(U.S. Immigration and Customs Enforcement)

Federal immigration agents have deported the 35-year-old Salvadoran man who was a longtime suspect in the 2001 murder of federal intern Chandra Levy and had admitted attacking other women.

Ingmar Guandique was convicted in Levy’s death after a 2010 trial, but a judge overturned the case after the testimony of the key witness was called into question. Prosecutors initially planned to retry Guandique, but ultimately dropped the case, citing additional problems with that witness.

Immigration and Customs Enforcement officials on Monday said an immigration judge ordered Guandique deported on March 3, and officials flew him to El Salvador on Friday.

ICE said they deported him because he was in the United States illegally and was a “documented MS-13 gang member” with a long criminal record.

Photo taken at the Modesto Centre Plaza in Modesto, Calif., during a memorial service for Chandra Levy in May 2002. (Debbie Noda/AP)

“Mr. Guandique unlawfully entered the United States, and once here, continued to violate U.S. laws by assaulting innocent victims,” said Matthew Munroe, acting field office director in Washington. “As a result of his actions, he has been removed to his home country of El Salvador.”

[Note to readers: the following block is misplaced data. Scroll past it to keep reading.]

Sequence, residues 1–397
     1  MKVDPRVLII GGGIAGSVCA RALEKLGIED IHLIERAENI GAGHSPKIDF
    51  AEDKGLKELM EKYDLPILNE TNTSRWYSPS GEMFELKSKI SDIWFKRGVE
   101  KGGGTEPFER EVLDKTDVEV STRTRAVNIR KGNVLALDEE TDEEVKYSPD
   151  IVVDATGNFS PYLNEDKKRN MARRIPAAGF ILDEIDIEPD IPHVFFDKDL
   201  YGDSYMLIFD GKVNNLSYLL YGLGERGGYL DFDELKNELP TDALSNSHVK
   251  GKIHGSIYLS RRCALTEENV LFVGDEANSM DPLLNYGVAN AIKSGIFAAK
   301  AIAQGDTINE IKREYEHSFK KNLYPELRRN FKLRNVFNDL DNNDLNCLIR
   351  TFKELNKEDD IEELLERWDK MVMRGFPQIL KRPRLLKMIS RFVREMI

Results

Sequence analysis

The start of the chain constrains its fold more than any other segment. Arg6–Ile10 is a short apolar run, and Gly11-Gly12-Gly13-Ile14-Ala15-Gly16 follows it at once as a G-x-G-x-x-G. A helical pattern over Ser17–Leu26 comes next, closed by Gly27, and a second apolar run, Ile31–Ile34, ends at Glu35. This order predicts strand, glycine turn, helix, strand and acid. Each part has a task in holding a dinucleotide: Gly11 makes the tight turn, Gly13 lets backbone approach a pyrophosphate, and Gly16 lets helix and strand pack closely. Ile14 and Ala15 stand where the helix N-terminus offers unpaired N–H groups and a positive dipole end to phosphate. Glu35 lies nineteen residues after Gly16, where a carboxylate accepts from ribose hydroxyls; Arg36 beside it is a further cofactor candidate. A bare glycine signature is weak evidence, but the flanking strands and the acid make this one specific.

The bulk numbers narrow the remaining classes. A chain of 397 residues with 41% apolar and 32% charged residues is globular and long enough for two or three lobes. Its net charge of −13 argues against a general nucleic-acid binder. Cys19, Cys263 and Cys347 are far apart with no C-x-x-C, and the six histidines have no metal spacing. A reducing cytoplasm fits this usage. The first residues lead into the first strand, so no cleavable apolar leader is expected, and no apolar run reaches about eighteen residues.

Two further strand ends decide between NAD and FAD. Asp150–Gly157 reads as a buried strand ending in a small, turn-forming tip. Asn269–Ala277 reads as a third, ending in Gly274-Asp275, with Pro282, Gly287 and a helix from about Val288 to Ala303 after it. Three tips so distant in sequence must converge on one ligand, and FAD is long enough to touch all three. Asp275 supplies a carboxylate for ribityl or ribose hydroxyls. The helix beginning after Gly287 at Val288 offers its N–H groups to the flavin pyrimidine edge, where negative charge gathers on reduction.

Levy, 24, was an intern with the Federal Bureau of Prisons when she disappeared on May 1, 2001. The case captured national attention when it came to light that she had had an affair with then-Rep. Gary A. Condit (D-Calif.), who was married and 30 years older. Police later cleared Condit as a suspect. Levy’s skeletal remains were discovered in 2002 in Rock Creek Park.

Years later, authorities charged Guandique in Levy’s death. Although there was no forensic evidence or eyewitness linking him to the case, they alleged that he was a serial predator who had attacked Levy while she was jogging.

Guandique had pleaded guilty to attacking two other women in the park around the time of Levy’s disappearance, but he said he had nothing to do with Levy’s death. ICE said Guandique was convicted in 2002 of two counts of assault with intent to rob and sentenced to 10 years in prison in the other attacks.

During a 2010 murder trial, prosecutors relied heavily on the testimony of Guandique’s cellmate, Armando Morales, who testified that Guandique admitted to him that he had killed Levy. A jury found Guandique guilty of murder and he was sentenced to 60 years in prison.

Guandique was granted a new trial in 2015 after attorneys discovered that Morales had not been truthful when he testified that he had not cooperated with authorities in other cases.

As prosecutors prepared for a retrial last year, they abruptly dropped the case after learning that Morales may have told additional lies during his testimony, which would have further damaged his credibility if he were to come before a second jury.

ICE officials said it was not clear when Guandique had entered the United States.